The Jardin des Tuileries splays out along the north (right) bank of the Seine WNW from The Louvre. At the western end of the garden is Place de La Concorde (site of the guillotine during the revolution) and the beginning of the Champs Elysées. From here walk forward a hundred meters, turn to your left and see the Arc de Triomphe in the distance.
This was once the garden of the Palais des Tuileries but the French Revolution changed all that. Now it's a peaceful city park full of statuary left over from the 18th century plus a few more modern ones, flower beds, lawns, benches, jogging trails, and a few restaurants nestled beneath the trees.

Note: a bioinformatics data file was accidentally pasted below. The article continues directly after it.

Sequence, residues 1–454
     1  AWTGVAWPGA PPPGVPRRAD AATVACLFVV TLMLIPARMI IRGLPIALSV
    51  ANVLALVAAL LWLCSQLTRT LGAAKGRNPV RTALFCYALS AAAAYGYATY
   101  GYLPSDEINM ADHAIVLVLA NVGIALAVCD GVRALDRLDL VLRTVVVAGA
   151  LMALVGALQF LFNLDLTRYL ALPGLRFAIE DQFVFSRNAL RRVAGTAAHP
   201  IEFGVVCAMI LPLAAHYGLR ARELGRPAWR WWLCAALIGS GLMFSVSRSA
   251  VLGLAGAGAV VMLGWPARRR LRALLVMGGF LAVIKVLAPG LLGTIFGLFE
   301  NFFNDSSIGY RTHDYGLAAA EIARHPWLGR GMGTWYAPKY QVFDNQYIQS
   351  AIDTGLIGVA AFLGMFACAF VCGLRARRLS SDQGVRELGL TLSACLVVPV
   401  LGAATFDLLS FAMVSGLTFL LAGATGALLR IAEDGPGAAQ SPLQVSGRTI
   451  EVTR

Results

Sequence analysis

It's 7:21pm and people are making their leisurely way home from work. It's a good bet that the man in the foreground has stopped by a market on his way home to pick up a few things for dinner and is heading across the Seine by the Pont Solferino into the very-upscale 7th arrondissement.
That's a cool word, arrondissement. It's like 'aroundliness' if there were such a word in English. Parisians use the term for the 20 districts that make up Paris, because they spiral around Point Zero like this.